Tim Schäfer -- rcmd.org/ts/

current work || projects || publications || contact

This is the professional website of Dr. Tim Schäfer. I am a bioinformatician and currently a postdoc in computational neuroimaging at University Hospital Frankfurt. I finished my doctorate in bioinformatics at the Department of Molecular Bioinformatics (group of Prof. Dr. Ina Koch) at Goethe-University Frankfurt in November 2016. I also worked in the industry as a software engineer, system administrator, and IT trainer. I have listed some previous work below, and you can find some of my source code on my github profile. In my spare time I enjoy rock climbing and digital photography.

Current work

In 2018, I started a postdoc position in Computational Neuroimaging at University Hospital Frankfurt, Department of Child and Adolescent Psychiatry, Psychosomatics and Psychotherapy in the group of Prof Christine Ecker. We use magnetic resonance imaging in combination with computational methods to uncover the mechanisms of mental disorders.

Previous projects

I finished my doctorate in 2016 and mainly worked on the following two projects in the fields of digital pathology and structural biology:

Digital pathology: The spatial distribution of immune cells in Hodgkin lymphoma

In this project, I worked on the analysis of Hodgkin lymphoma, a cancer of the lymphatic system, based on high-resolution images. We were interested in better understanding the way tumour cells interact with their environment, communicate and spread through the lymphatic system. We implemented a digital image analysis pipeline to perform cell detection, description and classification. We used graphs to model and compare spatial cell distributions in different Hodgkin lymphoma subtypes as well as lymphadenitis. This is a collaboration with the Senckenberg Institute of Pathology at University Hospital Frankfurt.

Hodgkin lymphoma cell graph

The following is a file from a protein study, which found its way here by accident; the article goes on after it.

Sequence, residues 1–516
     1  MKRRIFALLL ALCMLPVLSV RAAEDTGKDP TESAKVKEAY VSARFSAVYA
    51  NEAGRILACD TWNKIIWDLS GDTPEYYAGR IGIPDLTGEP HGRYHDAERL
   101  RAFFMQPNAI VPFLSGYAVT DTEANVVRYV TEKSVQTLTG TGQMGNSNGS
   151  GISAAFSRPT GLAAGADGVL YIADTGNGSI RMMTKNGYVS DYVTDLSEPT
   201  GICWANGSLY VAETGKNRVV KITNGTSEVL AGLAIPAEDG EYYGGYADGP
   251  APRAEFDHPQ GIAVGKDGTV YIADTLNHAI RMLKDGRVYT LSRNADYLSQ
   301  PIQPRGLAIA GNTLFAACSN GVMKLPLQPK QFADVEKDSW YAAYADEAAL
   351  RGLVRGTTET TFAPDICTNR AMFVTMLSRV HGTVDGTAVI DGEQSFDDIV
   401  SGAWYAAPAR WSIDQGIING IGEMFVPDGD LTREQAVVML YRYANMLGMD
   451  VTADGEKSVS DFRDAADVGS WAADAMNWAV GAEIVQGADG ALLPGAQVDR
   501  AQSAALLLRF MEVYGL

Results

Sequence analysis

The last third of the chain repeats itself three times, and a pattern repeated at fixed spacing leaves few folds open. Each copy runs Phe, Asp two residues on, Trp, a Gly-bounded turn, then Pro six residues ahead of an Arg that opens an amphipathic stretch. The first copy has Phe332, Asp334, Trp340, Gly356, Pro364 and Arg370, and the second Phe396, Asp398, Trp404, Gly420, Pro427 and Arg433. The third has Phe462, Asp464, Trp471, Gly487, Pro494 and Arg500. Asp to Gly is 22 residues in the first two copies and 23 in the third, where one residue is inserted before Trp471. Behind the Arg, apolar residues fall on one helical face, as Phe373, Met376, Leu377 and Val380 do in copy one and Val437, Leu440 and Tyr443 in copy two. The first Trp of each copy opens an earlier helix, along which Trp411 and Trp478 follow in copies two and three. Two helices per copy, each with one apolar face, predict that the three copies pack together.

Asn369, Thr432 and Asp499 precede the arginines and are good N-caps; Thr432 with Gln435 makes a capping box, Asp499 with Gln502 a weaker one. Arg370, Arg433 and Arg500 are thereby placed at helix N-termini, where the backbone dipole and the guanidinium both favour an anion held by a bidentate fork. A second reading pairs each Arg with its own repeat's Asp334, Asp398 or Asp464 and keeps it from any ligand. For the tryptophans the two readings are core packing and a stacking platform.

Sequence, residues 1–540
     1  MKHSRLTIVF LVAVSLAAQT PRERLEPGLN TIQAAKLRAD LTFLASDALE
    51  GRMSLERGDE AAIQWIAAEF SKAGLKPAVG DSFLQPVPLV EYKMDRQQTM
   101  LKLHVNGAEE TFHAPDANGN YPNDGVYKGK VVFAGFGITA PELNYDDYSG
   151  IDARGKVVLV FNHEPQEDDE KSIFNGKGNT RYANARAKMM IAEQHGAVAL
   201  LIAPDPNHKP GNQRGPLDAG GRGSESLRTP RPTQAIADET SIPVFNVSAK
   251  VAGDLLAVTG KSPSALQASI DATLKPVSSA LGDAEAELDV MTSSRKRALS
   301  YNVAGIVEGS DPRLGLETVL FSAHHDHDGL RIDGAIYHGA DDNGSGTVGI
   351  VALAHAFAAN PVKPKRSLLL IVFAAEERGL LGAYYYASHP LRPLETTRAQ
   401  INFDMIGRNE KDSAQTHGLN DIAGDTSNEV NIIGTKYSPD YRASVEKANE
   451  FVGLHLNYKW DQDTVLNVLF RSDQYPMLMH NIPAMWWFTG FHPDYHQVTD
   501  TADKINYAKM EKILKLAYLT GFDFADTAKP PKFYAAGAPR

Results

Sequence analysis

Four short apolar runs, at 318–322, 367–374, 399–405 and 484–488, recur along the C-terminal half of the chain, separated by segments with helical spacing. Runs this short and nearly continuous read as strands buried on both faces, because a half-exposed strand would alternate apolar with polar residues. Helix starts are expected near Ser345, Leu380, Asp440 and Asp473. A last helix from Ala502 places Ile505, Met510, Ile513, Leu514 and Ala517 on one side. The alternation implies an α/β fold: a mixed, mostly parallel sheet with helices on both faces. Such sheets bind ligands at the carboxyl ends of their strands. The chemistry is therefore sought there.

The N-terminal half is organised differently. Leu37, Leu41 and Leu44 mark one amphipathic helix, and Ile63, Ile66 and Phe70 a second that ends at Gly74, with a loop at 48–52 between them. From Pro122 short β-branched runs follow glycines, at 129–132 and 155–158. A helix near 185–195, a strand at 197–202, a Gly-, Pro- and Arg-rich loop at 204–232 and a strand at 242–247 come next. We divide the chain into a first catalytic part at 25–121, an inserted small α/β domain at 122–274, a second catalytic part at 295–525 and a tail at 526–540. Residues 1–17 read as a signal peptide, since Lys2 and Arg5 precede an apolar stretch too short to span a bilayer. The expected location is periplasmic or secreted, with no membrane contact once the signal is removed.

Part of a whole slide image from a Hodgkin lymphoma case. Cell nuclei are stained in blue, and CD30+ cells in red. A cell graph is displayed as an overlay. Each vertex represents a cell detected by our imaging pipeline. Edges are added between cells which are close to each other. The graphs can be used to quantify clustering and to compare cell distributions.

Structural biology: The new Protein Topology Graph Library (PTGL) webserver

My diploma thesis dealt with modeling protein structure topologies by graph-theoretical methods. A part of the thesis was the development of the Visualization of Protein Ligand Graphs (VPLG) software. VPLG computes and visualizes protein ligand graphs. It works on the super-secondary structure level and uses the atom coordinates from PDB files and the SSE assignments of the DSSP algorithm. The graphs can be saved to a database or exported in standard graph formats for further analysis. VPLG is free software and available from the project websites at Sourceforge and GitHub. It powers the PTGL protein topology database, a web server which also supports motif detection and other advanced queries based on the graphs computed for all proteins of the RCSB Protein Data Bank.

Protein structure

From 3D atom data to protein graph. The 3D atom coordinates and the secondary structure assignments are used to compute contacts between secondary structure elements (SSEs). In the final cell graph, each vertex represents an SSE, and edges model spatial contacts and relative spatial orientations between SSEs.


Journal Articles (Peer reviewed)

Other Articles (Non-Peer Reviewed)

Conference Talks

Posters and Conferences


It's easiest to contact me via email. My address is:


current work || projects || publications || contact